(B) Human shaking (id.) may cause lethal brain stem and cervical spine injuries in a 0-to 2-year-old child, as the forces necessary for these injuries are well below the level needed for fatal brain injuries and are consistent with the forces that can be produced in shaking. Put another way, these neck injuries would be expected in any hypothetical-superhuman-strength case of SBS where superhuman dynamics resulted in head accelerations leading to intercerebral trauma (if SBS were valid, which it is not).


    Abstract from

    Shaken baby syndrome: A biomechanics analysis of injury mechanisms.

     Traumatic infant shaking has been associated with the shaken baby syndrome (SBS) diagnosis without verification of the operative mechanisms of injury. Intensities for SBS have been expressed only in qualitative, unsubstantiated terms usually referring to acceleration/deceleration rotational injury and relating to falls from great heights onto hard surfaces or from severe motor vehicle crashes. We conducted an injury biomechanics analysis of the reported SBS levels of rotational velocity and acceleration of the head for their injury effects on the infant head-neck. Resulting forces were compared with experimental data on the structural failure limits of the cervical spine in several animal models as well as human neonate cadaver models. We have determined that an infant head subjected to the levels of rotational velocity and acceleration called for in the SBS literature, would experience forces on the infant neck far exceeding the limits for structural failure of the cervical spine. Furthermore, shaking cervical spine injury can occur at much lower levels of head velocity and acceleration than those reported for the SBS. These findings are consistent with the physical laws of injury biomechanics as well as our collective understanding of the fragile infant cervical spine from (1) clinical obstetric experience, (2) automotive medicine and crash safety experience, and (3) common parental experience. The findings are not, however, consistent with the current clinical SBS experience and are in stark contradiction with the reported rarity of cervical spine injury in children diagnosed with SBS. In light of the implications of these findings on child protection and their social and medico-legal significance, a re-evaluation of the current diagnostic criteria for the SBS and its application is suggested.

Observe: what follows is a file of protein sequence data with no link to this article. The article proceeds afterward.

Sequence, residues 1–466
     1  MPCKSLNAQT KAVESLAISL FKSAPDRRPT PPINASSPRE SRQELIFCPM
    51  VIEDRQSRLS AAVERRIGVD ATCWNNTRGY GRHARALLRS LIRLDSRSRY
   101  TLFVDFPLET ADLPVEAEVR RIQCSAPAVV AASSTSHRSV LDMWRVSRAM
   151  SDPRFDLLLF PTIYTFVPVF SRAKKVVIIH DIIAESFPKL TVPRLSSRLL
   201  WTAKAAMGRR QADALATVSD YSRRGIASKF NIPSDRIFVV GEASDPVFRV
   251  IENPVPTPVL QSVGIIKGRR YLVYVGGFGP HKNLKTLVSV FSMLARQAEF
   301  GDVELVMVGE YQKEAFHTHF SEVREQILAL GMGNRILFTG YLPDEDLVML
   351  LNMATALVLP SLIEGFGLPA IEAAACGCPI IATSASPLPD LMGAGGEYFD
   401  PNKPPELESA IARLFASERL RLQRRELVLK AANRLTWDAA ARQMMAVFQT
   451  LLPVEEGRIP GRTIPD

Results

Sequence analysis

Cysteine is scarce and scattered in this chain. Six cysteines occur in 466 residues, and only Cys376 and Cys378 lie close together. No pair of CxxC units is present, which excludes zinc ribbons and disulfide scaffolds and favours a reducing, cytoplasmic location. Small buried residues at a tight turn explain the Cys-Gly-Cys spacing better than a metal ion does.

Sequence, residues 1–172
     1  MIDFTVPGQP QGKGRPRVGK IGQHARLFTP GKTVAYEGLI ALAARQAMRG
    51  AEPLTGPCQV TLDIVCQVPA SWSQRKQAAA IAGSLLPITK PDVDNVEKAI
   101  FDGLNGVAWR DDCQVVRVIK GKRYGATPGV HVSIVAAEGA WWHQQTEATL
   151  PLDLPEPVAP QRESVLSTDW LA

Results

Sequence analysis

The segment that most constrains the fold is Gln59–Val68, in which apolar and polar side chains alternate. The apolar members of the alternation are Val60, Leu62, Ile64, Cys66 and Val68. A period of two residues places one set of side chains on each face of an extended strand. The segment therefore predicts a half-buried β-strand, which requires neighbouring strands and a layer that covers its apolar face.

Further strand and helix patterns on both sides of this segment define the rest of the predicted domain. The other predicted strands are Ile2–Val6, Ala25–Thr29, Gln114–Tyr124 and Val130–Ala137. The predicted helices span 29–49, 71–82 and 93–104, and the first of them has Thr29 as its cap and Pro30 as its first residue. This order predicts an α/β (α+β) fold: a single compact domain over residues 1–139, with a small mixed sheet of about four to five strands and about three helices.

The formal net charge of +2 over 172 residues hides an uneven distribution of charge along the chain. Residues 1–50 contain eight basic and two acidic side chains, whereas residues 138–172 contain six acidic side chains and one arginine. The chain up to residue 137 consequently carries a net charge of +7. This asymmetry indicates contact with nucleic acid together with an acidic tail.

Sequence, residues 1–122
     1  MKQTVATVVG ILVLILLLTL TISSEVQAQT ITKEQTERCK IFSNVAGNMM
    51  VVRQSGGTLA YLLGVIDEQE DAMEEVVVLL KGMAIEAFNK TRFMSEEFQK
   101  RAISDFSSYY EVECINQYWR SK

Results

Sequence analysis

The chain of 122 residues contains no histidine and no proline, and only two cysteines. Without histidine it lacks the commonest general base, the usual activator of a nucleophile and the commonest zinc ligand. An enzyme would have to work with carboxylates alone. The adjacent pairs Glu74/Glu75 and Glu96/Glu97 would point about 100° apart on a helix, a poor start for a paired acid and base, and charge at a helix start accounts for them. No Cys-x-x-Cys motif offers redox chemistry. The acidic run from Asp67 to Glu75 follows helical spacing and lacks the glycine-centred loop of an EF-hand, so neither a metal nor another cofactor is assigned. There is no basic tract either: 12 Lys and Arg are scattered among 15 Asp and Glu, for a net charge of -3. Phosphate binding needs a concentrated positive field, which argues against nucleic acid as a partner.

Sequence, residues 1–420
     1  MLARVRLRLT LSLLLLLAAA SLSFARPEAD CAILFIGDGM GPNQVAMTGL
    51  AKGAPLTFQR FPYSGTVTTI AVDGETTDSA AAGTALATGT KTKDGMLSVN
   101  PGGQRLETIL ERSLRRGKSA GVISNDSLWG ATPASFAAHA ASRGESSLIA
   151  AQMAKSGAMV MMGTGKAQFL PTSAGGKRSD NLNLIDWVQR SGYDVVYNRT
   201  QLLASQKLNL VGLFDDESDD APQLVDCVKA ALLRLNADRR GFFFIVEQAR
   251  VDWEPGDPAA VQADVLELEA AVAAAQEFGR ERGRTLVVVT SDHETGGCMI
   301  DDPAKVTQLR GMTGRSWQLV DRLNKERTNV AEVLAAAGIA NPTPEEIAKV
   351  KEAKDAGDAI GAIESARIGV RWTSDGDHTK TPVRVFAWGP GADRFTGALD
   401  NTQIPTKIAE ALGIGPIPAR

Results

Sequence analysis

Faris A. Bandak. Department of Neurology, A1036 F. Edward Hébert School of Medicine, Uniformed Services, University of the Health Sciences,  Bethesda, MD 20814, USA


    Abstract from Wikapedia/cheshire nanny case (Louise Woodward Trial. 1967)

    Patrick Barnes, a pediatric radiologist at Stanford University, was a key prosecution witness in the trial, but in 2011 said he would not give the same testimony today. He said there had been a revolution in the understanding of head injuries in the past decade, partly due to advances in MRI brain scanning technology: “We started realizing there were a number of medical conditions that can affect a baby’s brain and look like the findings that we used to attribute to shaken baby syndrome or child abuse”, such as infections and in utero strokes.




    Author – Brian Williams

    Read also; Shaken Baby Syndrome-Debunking the Myth

                        Shaken baby syndrome: A biomechanics analysis of injury mechanisms